An interesting geological lecture, illustrated by large maps and sections and large collections of fossils, and dealing with the subject of the date of the last great emergence of the land in the south of New Zealand.
Mr McKay said that if the glaciers had their greatest extension in Pliocene times it appeared that, considering the amount of strata of intermediate age, it was difficult to regard the Awamoa beds as belonging to the Upper Miocene period. The percentage of recent fossils indicated these beds as belonging to the Lower Miocene period, and thus the palæontological evidence was in accordance with the stratigraphical.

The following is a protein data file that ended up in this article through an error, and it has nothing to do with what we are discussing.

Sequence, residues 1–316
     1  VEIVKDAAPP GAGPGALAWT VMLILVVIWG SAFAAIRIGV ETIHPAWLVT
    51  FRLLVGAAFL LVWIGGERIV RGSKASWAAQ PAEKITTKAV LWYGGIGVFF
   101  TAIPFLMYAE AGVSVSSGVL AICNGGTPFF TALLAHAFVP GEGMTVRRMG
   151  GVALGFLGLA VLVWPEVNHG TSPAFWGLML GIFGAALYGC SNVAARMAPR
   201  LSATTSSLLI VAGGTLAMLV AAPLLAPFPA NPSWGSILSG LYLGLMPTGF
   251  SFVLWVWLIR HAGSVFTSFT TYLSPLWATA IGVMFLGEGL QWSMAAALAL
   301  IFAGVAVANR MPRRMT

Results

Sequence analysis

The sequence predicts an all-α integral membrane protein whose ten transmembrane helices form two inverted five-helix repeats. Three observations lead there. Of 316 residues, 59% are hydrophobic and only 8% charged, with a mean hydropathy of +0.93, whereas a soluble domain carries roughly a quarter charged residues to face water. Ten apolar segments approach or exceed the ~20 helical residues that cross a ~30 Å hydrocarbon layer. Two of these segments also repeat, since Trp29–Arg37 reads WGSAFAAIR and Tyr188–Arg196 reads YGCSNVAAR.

Mr. Travers referred to the important bearing of this subject on the origin of the fauna and flora of the country.
5. Dr. Hector exhibited several additions to the Museum, viz., skull of frigate bird, gannet, jaw of parrot fish, from Jervois Island, presented by Mr. H. Winkelmann; also, marine fossils from interior lake basins of Otago.